@Jim777 in the context of Rephase it's FIR filters and the program has the option to make them minimum phase or linear phase. For the other two cases, I don't know how it is done.

After doing some reading it appears as far as equalization of low frequencies is concerned, it's better to use minimum phase filters and avoid having a disturbance before the signal. Room EQ is mostly about low frequencies.

On more than one DAC, I am (subjectively) hearing a difference, preferring minimum phase with 2 DAC's both having AKM converters.

I don't know if we are dealing with one issue here or two separate issues being equalization an upsampling.
 
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RichB

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#10
Here are some posts by @John_Siau concerning phase.

Concerning amp phase:

https://www.audiosciencereview.com/...f-benchmark-ahb2-amp.7628/page-21#post-181191

I would add one more: The phase response needs to be linear. You can have a flat frequency response without having a linear phase response and the non-linear phase response will change the way transients sound. A non-linear phase response will have no impact on a continuous set of tones, but it will change the apparent frequency response of transients.
Concerning DAC filters:

https://www.audiosciencereview.com/...of-benchmark-ahb2-amp.7628/page-7#post-179006

Some DACs add delay to the high frequencies and this seems to make reverberation more audible. The delay is produced if linear-phase filters are not used when reconstructing the analog signal.

The Benchmark DACs use linear-phase filters. Some DACs use filters that change the phase response and this can cause an audible effect.
I assume that delaying high frequencies is "Minimum Phase".

https://www.audiosciencereview.com/...f-benchmark-ahb2-amp.7628/page-17#post-180486

Our ears are relatively insensitive to phase response on steady-state combinations of a fundamental and a series of harmonics. However, we are quite sensitive to phase response on transients. If the high-frequencies arrive first, they are accentuated. If the high frequencies arrive late, the impression will be that they are rolled off. An impulse, such as drum rim shot produces a broad spectrum of frequencies. A perfect impulse produces all frequencies simultaneously. The sound of this impulse will change when the phase response is changed. Many D/A converters use filters with a non-linear phase response. These filters change the way an impulse sounds. The changes will be most noticeable in the percussive content of the music. It has become popular to manipulate the sound with non-linear filters. These filters are an effect and some people enjoy having these effects applied to their music upon playback. The down side is that these effects are cumulative. Each pass through a non-linear phase filter will add more audible effects. In contrast, many A/D and D/A processes can be cascaded when the converters have a linear phase response. We have demonstrated this with some in-house listening tests that we conducted with cascaded converters.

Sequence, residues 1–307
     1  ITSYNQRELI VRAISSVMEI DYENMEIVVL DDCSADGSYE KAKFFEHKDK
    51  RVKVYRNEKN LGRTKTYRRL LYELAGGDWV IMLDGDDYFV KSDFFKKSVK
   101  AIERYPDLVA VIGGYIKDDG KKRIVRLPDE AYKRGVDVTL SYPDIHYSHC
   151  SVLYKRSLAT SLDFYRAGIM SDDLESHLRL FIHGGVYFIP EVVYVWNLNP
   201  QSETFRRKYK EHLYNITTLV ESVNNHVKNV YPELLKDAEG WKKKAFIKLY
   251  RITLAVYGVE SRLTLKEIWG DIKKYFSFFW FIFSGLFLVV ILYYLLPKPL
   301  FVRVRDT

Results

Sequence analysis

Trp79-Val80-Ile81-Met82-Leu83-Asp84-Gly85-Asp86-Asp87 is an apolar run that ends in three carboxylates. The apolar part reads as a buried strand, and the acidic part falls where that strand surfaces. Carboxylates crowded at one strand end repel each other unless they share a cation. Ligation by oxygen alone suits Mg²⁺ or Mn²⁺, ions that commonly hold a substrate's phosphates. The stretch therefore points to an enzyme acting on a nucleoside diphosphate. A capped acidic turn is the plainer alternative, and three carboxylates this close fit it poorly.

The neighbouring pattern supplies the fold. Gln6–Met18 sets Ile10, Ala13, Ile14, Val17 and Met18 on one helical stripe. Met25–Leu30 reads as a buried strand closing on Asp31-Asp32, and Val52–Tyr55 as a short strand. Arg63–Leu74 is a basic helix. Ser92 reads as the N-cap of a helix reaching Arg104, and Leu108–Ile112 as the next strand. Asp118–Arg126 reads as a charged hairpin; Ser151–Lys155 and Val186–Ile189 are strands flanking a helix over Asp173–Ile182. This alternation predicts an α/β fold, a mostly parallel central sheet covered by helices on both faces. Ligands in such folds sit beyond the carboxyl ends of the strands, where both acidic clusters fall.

The differences can be measured if you run the right tests. The differences will not show up in the frequency response (amplitude response).

Beware of time-domain response plots because they often look at only one phase relationship to the sample clock. An "improved" filter response may not look so good at other phase relationships to the sample clock. Filters that allow aliasing will pull transients toward the nearest sample clock edge (distorting the transient).
- Rich
 
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March Audio

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#11
The pre ringing is a huge red herring that has surfaced over recent years. Here is an actual measurement of my DAC1 replaying (attempting) a Dirac pulse which is often used to characterise filters. . It's the classic waveform you'll see in magazines.

scope_2.png


However if you look more closely youll see the time base of the ripples is around 50uS. That's 20kHz.

Another thing to consider is that real musics HF content (not illegal test signals) around this frequency and into the transition band is very low in level, maybe - 70dB. So any generated ripple is going to be much lower again.

So basically it's at a frequency above your hearing range at a volume thats too low to hear even if you could hear ultrasonics.
 
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NTK

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#12
The pre ringing is a huge red herring that has surface over recent years. Here is an actual measurement of my DAC1 replaying (attempting) a Dirac pulse. It's the classic waveform you'll see in magazines.

View attachment 32272

However if you look more closely youll see the time base of the ripples is around 50uS. That's 20kHz.

Another thing to consider is that real musics HF content (not illegal test signals) around this frequency is very low in level, maybe - 70dB, so any generated ringing is going to be much lower again.

So basically it's at a frequency above your hearing range at a level thats too low to hear even if you could hear ultrasonics.